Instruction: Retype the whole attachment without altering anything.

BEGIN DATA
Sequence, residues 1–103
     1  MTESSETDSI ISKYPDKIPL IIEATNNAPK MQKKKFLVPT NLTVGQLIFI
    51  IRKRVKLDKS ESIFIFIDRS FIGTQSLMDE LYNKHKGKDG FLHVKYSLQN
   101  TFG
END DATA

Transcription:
Sequence, residues 1–103
     1  MTESSETDSI ISKYPDKIPL IIEATNNAPK MQKKKFLVPT NLTVGQLIFI
    51  IRKRVKLDKS ESIFIFIDRS FIGTQSLMDE LYNKHKGKDG FLHVKYSLQN
   101  TFG